Fractal Dimension of the Network

This project, an attempt to find the fractal dimension of the network, resulted from a long email exchange between myself and Ralph Abraham.  My totally non-mathematical approach to the idea led me to compare the complex pattern of connections between all users of the network to the ever-expanding line of Koch’s curve – an infintely long line in a finite space.  Ralph came up with the name and the procedure for mapping the connections.

« Webographics »
A Mathematical Model of Network Activity

INTRODUCTION:

The objective of this project is to develop a mathematical model of the network as a way of better understanding its operation.  We feel strongly that the network is a prototype of future socio-politico-cultural organization, and, for that reason, it is important to understand its functioning, the place of the individual in it and his relation to other members of it and avoid applying to it outdated or irrelevant procedures derived from other media, technologies or cultural habits.  The network, in its interactivity, will be in the 21st century the operational metaphor – the paradigm – of our civilization and its geometry, the geometry of our imagination.

The mathematical model of the network operation is fractal, a complex system with the potential number of connections tending toward infinity.  At first glance, a large number of links between several points on a globe would give us a geodesic sphere, but such a structure implies connections with only immediate neighbors.  In a network all connections are on a one-to-one basis, without the need to go through any intermediary point.  This multiplies the number of potential connections rapidly, and the addition of any new member increases enormously that number.  As the number becomes larger, tending toward infinity, the pattern of connections slides away from that of an extremely complex line on the surface of the sphere and approaches that of a spherical plane – an infinite number of connections contained in a finite space.  The dimension must be spherical, between one – a line – and two – a plane, thus a fractal.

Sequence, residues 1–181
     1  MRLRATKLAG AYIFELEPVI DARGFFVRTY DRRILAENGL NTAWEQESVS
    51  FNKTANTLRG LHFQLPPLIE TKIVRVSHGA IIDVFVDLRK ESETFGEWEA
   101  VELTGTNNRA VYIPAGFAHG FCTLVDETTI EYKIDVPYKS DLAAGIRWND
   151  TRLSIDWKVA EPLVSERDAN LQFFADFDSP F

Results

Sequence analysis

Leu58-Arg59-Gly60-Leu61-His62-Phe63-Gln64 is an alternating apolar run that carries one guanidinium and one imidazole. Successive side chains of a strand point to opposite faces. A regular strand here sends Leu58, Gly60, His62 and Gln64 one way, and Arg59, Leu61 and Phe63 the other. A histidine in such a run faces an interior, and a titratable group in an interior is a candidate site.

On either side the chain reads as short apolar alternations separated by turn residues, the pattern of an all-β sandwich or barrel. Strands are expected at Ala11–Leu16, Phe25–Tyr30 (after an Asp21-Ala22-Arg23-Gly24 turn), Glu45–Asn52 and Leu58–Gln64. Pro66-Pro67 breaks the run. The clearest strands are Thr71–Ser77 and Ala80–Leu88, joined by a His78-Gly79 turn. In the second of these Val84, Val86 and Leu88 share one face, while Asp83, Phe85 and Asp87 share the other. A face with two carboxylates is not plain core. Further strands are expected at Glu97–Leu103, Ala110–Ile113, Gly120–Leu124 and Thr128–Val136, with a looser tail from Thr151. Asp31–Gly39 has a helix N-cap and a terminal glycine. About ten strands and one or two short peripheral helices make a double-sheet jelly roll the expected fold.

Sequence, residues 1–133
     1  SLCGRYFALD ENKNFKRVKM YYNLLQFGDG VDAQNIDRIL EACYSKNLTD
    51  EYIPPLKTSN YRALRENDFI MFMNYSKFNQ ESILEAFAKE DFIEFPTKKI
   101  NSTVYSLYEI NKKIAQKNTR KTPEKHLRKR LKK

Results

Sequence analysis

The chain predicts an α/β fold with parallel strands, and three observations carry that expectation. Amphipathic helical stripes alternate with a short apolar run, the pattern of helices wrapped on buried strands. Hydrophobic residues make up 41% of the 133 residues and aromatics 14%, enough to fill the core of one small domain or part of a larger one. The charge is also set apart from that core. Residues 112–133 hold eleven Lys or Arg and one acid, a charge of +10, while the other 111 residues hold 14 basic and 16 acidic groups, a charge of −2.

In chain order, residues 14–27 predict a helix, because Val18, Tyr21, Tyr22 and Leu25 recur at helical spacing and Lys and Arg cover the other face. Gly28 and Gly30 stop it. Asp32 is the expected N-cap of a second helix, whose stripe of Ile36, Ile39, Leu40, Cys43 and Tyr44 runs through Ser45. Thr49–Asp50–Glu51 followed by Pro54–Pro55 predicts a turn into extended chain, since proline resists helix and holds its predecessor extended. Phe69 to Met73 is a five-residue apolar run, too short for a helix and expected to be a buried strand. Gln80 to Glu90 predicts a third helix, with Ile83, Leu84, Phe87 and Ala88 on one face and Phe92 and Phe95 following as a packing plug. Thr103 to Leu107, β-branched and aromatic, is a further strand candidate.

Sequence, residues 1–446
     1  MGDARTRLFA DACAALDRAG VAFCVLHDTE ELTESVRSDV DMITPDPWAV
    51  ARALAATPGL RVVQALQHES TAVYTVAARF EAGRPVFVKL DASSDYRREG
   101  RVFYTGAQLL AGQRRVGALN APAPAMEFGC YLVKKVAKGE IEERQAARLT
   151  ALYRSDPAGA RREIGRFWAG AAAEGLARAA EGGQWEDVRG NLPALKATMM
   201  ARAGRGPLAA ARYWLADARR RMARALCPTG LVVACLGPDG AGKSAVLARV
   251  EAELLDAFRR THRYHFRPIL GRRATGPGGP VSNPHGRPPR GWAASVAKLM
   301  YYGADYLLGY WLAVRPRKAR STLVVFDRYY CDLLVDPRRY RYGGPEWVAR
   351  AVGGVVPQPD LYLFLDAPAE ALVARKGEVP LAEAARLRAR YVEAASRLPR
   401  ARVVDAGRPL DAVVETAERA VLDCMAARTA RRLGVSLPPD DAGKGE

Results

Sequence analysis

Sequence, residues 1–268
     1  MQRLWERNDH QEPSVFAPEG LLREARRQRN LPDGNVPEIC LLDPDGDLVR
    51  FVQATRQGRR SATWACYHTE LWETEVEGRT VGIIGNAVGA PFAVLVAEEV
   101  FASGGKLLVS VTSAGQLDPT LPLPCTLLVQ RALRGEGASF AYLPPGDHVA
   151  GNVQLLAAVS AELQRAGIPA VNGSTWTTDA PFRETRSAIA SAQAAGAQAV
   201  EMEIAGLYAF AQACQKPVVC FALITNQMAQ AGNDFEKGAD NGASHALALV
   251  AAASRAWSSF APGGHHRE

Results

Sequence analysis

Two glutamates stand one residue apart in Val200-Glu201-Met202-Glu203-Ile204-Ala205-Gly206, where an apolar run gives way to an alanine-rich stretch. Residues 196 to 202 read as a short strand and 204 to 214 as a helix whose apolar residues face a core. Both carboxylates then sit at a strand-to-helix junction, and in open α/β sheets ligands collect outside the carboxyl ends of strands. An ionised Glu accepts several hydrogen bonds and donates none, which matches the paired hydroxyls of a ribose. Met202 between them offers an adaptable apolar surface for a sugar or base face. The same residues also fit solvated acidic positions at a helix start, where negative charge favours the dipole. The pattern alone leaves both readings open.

In using the geodesic sphere as a model, we stay within the realm of classical geometry and cut ourselves off from the actual description of human activity on the network that we define more precisely when using a fractal approach.  There is, in fact, a strong probability of there being two geometries super-imposed, one, the geodesic, a spherical trigonometrical network of wire encircling the globe which is the physical connectedness and two, the fractal dimension of its functioning.

The mathematical model will permit snap-shots of any domain system of the network and the accumulation of those snap-shots will give a moving picture of the functioning of the domain over time.

WHO:

Ralph Abraham, chaos mathematician at the University of California at Santa Cruz and Don Foresta, international coordinator of the MARCEL network in Paris, are developing the model and have defined the necessary givens permitting the construction of an on-line model capable of giving snap-shots of any part of the network’s activity.

MAPS:

As a first approach there are two levels of mapping:
level 1: demographic (2 dimensions of planet earth)
level 2: neural net (graph in four dimensional space)

Level 1:
is a map of world, each continent colored to indicate the number of web pages per capita (ca 6.0 in the USA).  Click on any continent and another map of that continent shows every country colored to indicate the number of web pages per capita.

Level 2:
a practical model achieved by experimenting with the real thing.  There are now about 110,000 servers on the web each keeps a log, thus the real network is a virtual object recorded in these logs from which we could compute a tree of frequencies.

HOW TO DO THE MEASURING:

With a www index system using the search command « link: <url> » all the pointers to a given url or page can be found.  This can be quantified with usual query language thus, all link paths from url-1 to url-2 can be counted.  This makes the www into a neural net.